Each week, the NTIC Cyber Center highlights a different social engineering scam impacting individuals and communities within the National Capital Region. We encourage everyone to share this information with friends, colleagues, and loved ones to help reduce their risk of becoming a victim of financial fraud and identity theft.
Car warranty scams are profit-motivated social engineering schemes designed to trick unsuspecting car owners into purchasing an extended warranty or service contract for their vehicles. The companies behind these scams bombard vehicle owners with robocalls, emails, text messages, and physical mail such as postcards and official-looking notices that claim the vehicle’s warranty is about to expire. These messages and notices use language that creates a sense of urgency to encourage vehicle owners into purchasing the warranty and providing personal and financial information. They often use wording such as “limited time offer” or “this is the final call before we close out your file” to make victims believe they will miss an opportunity to get a good deal if they do not act quickly. Perpetrators of these scams also use other deceptive practices such as pretending to be representatives of a legitimate vehicle manufacturer or car dealer. Many include victims’ information such as the year, make, and model of their vehicles in their messages to add legitimacy to their scheme.
Consumers who are pressured into purchasing an extended warranty often learn that the actual coverage provided falls short of what was promised, leaving them on the hook for vehicle repair costs on top of the fees they already paid to the unscrupulous warranty vendor. If they try to cancel their purchase, they find that the process is either very difficult or impossible, and often never receive a refund. Unsuspecting victims can easily lose hundreds or thousands of dollars as well as risk identity theft if they provide warranty scammers with their Social Security number and financial account information.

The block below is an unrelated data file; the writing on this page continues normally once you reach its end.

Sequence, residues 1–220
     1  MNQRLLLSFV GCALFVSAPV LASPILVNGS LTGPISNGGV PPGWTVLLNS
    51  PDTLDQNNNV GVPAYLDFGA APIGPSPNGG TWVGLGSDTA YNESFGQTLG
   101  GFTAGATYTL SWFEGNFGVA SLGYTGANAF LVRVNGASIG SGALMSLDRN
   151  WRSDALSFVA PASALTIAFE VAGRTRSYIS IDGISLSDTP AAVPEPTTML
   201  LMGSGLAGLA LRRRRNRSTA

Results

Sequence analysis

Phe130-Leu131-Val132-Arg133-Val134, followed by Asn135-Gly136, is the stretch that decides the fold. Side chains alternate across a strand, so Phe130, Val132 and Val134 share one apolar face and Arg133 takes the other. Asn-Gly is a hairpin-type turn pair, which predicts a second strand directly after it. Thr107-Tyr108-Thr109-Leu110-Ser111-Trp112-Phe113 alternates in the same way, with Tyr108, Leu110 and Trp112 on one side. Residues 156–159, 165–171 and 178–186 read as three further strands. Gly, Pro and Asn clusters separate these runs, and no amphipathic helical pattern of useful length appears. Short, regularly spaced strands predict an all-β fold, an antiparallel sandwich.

The NTIC Cyber Center recommends reviewing the following tips to help prevent becoming victimized in an extended warranty or vehicle service contract scam:
If possible, avoid answering calls from numbers you do not know or recognize. If you do answer a call from a warranty scammer, end the call immediately and refrain from engaging with the caller.
Never respond to emails/text messages or return voicemails offering vehicle warranties or service contracts.
Never provide personal or sensitive information such as Social Security numbers or financial account information during an unsolicited call, no matter who the caller claims to be.
Check with your vehicle’s manufacturer or your dealership to find out if your vehicle is still under factory warranty. If your warranty has expired and you are looking to purchase an extended service contract, ask what options the manufacturer or dealership provides, if any. Most vehicles that have surpassed a specific mileage threshold or have reached a certain age are typically not eligible for warranty coverage from legitimate vendors. Most consumers will find that setting aside money in a “rainy day fund” for car repairs or the purchase of a new vehicle is a better option than potentially paying thousands of dollars for a warranty that does not provide full coverage.
Report car warranty scam attempts to the US Federal Trade Commission’s Consumer Complaint Center. If you believe you have been defrauded in a warranty scam, notify your local police department and the FBI’s Internet Crime Complaint Center (IC3).